Re: I'm collecting spam

I Find Karma (
Tue, 17 Jun 97 01:01:30 PDT

> > To borrow from the homosexual community, SILENCE = DEATH.
> > -- Adam
> When Adam dies, how are we going to know?

When my pink triangle is upside down. Or was this a rhetorical question?

> X-Web:

Free plug for Gordon: his "War on Junk Mail" page is the best, Jerry,
The Best:

[Unrelated aside because I'm too lazy to send a separate email: Gordon,
whatever became of the plan to buy a TLD? How much money does it cost

> > I'm working on a content-based spam filter.
> You are in luck!
> This morning I put together a list of Internet spammers affiliated
> with Sanford Wallace of Cyber Promotions.

Wow, what are the chances?

Okay, enough lovely spam, wonderful spam talk.

ObNewBits: Time Magazine for 6/23/97 is chock full o' bits related to
recent FoRKposts:

1. Cover story - 50th Anniversary of Roswell's UFO crash, for the
conspiracy buffs among us. I love the line, "The millions of Americans
who believe that U.S. officials are withholding the truth about Roswell
specifically and UFOs in general are not about to be swayed by the
facts." BTW, U.S. officials withholding the truth about UFOs is the
entire plot of the forthcoming movie Men in Black (which I predict will
be the top-grossing film of the summer, making at least $250mil - viva
Independence Day!).

2. Speaking of cool movies, there's a review of Hercules that's a
stitch. Some priceless puns:

> Directors John Musker and Ron Clements (The Little Mermaid, Aladdin)
> could have gone for a decorous retelling of Greek mythology, but a
> funny thing happened on the decorum. They decided to give the musical
> form what it has sorely lacked recently: pinwheeling, knockabout fun.

I predict Hercules will do solid business, at least $150mil.

> Don't look for this plot in Bullfinch. It's a shaggy-gods story with
> the requisite Disney theme of adolescent self-discovery [a theme that
> some of us have yet to master!]: a cub becomes a lion; a mermaid becomes
> a maid; a geek kid becomes a Greek god.

Disney... shaggy-gods... I get it!

> James Woods as Hades works every meeting, with gods, mortals, or
> demons, as if it's a bored crowd in a Vegas lounge [Vegas, baby!]:
> "You look like the Fate worse than death" he purrs to one of three
> haggish wraiths.


> The script is rife with Oedipus riffs, Achilles spiels, Zeus zingers,
> and roman-numeral jokes - "Somebody call IX-I-I."

Works for me, count me in!

3. "Who Ya Calling Techno" - a 3-page article on mainstream techno,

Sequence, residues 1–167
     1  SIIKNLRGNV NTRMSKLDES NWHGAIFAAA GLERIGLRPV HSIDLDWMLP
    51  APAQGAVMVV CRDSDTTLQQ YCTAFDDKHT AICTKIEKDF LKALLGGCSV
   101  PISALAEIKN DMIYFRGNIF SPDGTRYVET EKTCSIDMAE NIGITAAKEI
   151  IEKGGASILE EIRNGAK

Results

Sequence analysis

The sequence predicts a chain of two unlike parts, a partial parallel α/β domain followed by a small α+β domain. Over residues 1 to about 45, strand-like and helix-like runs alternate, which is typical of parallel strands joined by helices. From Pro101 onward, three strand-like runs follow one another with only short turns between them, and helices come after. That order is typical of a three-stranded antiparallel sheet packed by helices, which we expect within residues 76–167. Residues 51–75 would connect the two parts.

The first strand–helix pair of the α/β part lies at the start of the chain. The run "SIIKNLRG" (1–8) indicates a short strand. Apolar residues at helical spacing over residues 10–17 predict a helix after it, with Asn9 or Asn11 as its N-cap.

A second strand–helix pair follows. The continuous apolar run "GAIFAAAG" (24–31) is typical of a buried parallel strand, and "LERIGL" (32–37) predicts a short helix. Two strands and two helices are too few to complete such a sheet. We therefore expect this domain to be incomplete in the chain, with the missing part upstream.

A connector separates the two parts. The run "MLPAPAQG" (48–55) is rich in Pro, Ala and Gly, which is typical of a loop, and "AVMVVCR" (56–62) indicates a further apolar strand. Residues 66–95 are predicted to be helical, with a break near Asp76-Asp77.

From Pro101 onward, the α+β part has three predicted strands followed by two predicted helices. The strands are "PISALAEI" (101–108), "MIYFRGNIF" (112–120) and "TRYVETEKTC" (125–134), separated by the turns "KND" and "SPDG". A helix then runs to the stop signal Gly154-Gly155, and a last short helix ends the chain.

anticipating the July 1 release of Prodigy's "The Fat of the Land"
(Maverick records; 600,000 copies preordered; the Time review says this
album "rocks" with the rebelliousness of the Sex Pistols and the
funkiness of good hip-hop --- Rohit alert!):

> Can Prodigy give electronica the jolt it needs? Others have tried
> and failed. The ambient electronic group the Ord's newest CD,
> "Orblivion," [recommended by FoRK's Jim Whitehead] has sold only
> 65,000 copies in the U.S.; recent releases by such vaunted acts as the
> Future Sound of London [also recommended by Jim] and Underworld
> [recommended by FoRK's Tim Byars] have moved fewer than 60,000 ---
> the Spice Girls [recommended by FoRK's Adam Rifkin, who was
> subsequently picked on by a half dozen FoRKers so much he's afraid to
> recommend Hanson, Jamiroquai, and Savage Garden] sold more than that

Well, you say, what about the Chemical Brothers? They sold out, right,
so the public must be showing them the money about now, right? Wrong.

> Even the Chemical Brothers, after a media push that would make Madonna
> blush, has failed to crack Billboard's top 10. And what's worse,
> these CDs have been creatively wanting --- the Chemical Brothers' "Dig
> Your Own Hole" (Astralwerks) features a few new songs that
> energetically blend rock and hip-hop [both of which, Rohit, are on
> Tim's CD "Silent Bob Speaks" that I keep recommending you buy] ---
> but Public Enemy and the Beastie Boys did it better.

Agreed. "Dig Your Own Hole" has nothing on "Fear of a Black Planet" and
"License to Ill", respectively.

Oh, nice imagery here (sorry, Dobbin and Jim)...

> The Future Sound of London's "Dead Cities" (Astralwerks) is as
> exciting as a dead Tamagotchi.

I long for the days when the word Tamagotchi wasn't in my vocabulary.

Oh, nicer imagery here (sorry, Tim)...

> Underworld's "Pearl's Girl" (Wax Trax! Records) is only a trifle more
> fun than having a fax machine call you on your voice line.

Fear not, Rohit, the article does recommend some electronica besides
Prodigy that the author Christopher John Farley (Chris Farley?!)
actually likes.

> Morcheeba's "Who Can You Trust" (Discovery) is a rapturous blend of
> bluesy vocals and electro atmospherics [sounds right up Rohit's alley];
> Carl Craig's "More Songs About Food and Revolutionary Art" (Planet E)
> is puckishly inventive; and "The Rebirth of Cool FOUR" (Fourth and
> Broadway) is an excellent compilation of electro acts. Later this
> year new CDs are due from two of the best electro acts, Goldie and
> Portishead.

Portishead is an electro act? Geez, their last album didn't sound any
more electro than Everything But the Girl is.

Okay, I've slurped the bits and sent them here, so you can save your
$2.95 and apply it toward your Men in Black or Hercules movie ticket.


It seems like everyone on FoRK has some kind of agenda they're trying to
get away with. I'm the only pure one on the LiST!
-- Joe Kiniry